> 2) the contrast between lots 3 and 4
> 3) the contrast between lots 5 and 4
>
> In addition, the contrast between lots 2 and 4 is significant
> at alpha<0.075. None of the other contrasts even approach
> significance. Thus, our test identifies significant pairwise
> contrasts that the Marascuillo test does not.
>
> It is easy to generalize this to a model where you have multiple
> factors (lots within week and lots between weeks). I think that
> it would be best to construct your data with day of the week
> and week. Then you could test whether there were more failures
> on, say, Monday or on Friday. A priori hypotheses about day
> of the week may be dealt with employing GLIMMIX. You probably
> do not want to employ multiple comparison tests where an a priori
> hypothesis could be constructed. You would likely not have any
> a priori hypothesis that a certain weeks would have more failures
> than other weeks. Thus, you could use multiple comparison
> adjustments to test pairwise differences between weeks. You
> could test specific day of week contrasts without resorting to
> the penalty that a multiple comparisons procedure produces.
>
> Note that the GLIMMIX procedure is available only for SAS version
> 9.1 with Windows OS. The GLIMMIX macro has been distributed
> with SAS for quite a few years, so should be readily available.
>
>
> Dale
>
>  Stephen Arthur wrote:
>
> > Hello,
> >
> > Is the Marascuillo multiple proportion comparison procedure
> included
> > in
> > SAS?
> >
> > http://www.itl.nist.gov/div898/handbook/prc/section4/prc474.htm
> >
> > I did a search on the SAS website and the searches:
> > 1) Marascuillo
> > 2) +"multiple comparison" and proportion
> >
> > turned up zero results.
> > http://sas.com/search/index.html
> >
> > Also, does anyone know of a twoway Marascuillo multiple proportion
> > comparison procedure... maybe this doesn't make sense, I'll have to
> > think
> > about it some more.
> >
> > Basically, I have an analysis situation where I want to test the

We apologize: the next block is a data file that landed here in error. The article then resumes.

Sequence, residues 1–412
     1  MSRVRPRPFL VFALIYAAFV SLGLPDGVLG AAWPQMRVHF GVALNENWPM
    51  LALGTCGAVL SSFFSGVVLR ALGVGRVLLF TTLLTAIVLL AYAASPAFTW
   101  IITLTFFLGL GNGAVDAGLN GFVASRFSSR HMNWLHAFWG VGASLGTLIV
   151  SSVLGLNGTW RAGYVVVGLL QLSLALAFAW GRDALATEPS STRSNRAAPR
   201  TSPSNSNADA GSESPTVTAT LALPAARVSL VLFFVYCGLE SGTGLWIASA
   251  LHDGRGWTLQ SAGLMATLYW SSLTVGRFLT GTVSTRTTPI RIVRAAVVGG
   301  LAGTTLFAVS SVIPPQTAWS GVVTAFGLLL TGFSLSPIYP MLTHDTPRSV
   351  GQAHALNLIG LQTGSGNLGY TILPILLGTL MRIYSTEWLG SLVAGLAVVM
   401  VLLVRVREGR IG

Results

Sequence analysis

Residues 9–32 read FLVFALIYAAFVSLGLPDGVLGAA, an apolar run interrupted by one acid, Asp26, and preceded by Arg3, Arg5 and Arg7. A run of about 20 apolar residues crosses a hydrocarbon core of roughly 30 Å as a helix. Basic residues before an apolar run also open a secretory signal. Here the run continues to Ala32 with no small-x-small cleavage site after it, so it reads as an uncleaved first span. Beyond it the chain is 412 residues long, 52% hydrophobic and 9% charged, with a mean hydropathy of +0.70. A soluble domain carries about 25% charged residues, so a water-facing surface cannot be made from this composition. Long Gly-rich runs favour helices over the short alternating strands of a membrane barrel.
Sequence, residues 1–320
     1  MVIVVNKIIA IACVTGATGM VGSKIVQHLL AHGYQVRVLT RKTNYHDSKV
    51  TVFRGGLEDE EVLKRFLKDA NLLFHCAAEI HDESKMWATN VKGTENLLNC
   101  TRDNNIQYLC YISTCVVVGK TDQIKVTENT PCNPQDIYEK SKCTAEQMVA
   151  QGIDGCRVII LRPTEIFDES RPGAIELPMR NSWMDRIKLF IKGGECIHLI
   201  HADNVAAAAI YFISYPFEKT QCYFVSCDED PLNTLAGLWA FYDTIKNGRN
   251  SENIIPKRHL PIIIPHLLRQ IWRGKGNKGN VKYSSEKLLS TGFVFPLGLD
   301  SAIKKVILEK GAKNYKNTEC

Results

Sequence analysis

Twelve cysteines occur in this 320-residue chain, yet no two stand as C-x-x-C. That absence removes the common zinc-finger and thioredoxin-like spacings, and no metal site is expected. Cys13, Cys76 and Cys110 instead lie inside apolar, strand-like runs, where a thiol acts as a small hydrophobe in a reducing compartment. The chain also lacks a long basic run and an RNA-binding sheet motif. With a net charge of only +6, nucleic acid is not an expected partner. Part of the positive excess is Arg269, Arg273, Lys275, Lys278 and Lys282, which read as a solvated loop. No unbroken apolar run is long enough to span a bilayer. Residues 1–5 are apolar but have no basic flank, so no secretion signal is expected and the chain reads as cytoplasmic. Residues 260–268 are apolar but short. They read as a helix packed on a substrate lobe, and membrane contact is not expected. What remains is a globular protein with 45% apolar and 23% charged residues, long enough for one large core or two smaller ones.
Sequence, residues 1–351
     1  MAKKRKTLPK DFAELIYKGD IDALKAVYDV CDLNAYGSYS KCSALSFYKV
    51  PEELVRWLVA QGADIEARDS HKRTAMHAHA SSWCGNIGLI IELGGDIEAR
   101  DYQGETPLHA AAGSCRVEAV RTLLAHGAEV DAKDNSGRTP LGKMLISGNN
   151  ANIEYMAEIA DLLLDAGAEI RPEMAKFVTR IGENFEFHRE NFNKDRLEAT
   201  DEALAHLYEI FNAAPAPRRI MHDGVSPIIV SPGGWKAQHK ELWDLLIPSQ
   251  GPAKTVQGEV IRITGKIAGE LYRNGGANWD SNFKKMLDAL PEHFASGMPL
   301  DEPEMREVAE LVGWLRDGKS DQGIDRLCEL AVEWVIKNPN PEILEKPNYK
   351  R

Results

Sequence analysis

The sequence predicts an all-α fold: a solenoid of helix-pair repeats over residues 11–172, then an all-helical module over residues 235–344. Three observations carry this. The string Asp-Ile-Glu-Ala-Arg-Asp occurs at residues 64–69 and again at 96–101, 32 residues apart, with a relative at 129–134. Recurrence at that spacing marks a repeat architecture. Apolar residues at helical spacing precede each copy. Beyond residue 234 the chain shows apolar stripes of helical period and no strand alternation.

> > significance of proportions within a week, and between weeks. The
> > data is
> > very randomly collected (unbalance sample sizes and missing data),
> > these
> > are not controlled studies.
> >
> > Thanks,
> >
> > Stephen
> >
>
>
> =====
> 
> Dale McLerran
> Fred Hutchinson Cancer Research Center
> mailto: dmclerra@fhcrc.org
> Ph: (206) 6672926
> Fax: (206) 6675977
> 
>
> Huixin,
I really don't know the MULTTEST procedure at all. You might
be able to perform appropriate post hoc multiple comparisons
for proportions employing the MULTTEST procedure. I simply do
not know. Sorry.
Dale
 huixin fei <hxfei@yahoo.com> wrote:
>
> Thank you very much for this information. I have to test the
> proportions among the
>
> treatments (and do “post hoc?multiple comparisons) in a biological
> environment, a
>
> similar problem. I tried to use multiple Z tests with Bonferroni’s
> adjustment.
>
> Now I can try the GLIMMIX procedure. Could I use the Proc multtest?
>
> I just started to learn this procedure. Thanks.
>
>
>
> Sincerely,
>
>
> Huixin Fei
Serge Sévigny <serge.sevigny@PSY.ULAVAL.CA> wrote:Hi,
suppose we have a significant chi square on a 3 (a, b, c) by 4 ( 1, 2,
3, 4) crosstab. Now we know that the proportions differ somewhere. But
we want to know exactly where :
A) Are the proportions between a and b equal? Are the proportions
between a and c equal? Are the proportions between b and c equal?
1 what would be the most powerful test(s) to investigate this followup?
B) Then, suppose we find that the proportions between a and b are
different, how do we check if they are different at 1, or 2, or 3, or 4?
2 what would be the most powerful test(s) to investigate this followup?
3 For all followup tests, do I use a bonferonni correction?
4 Do you know of a good reference book on that matter?
Thanks for helping!
Serge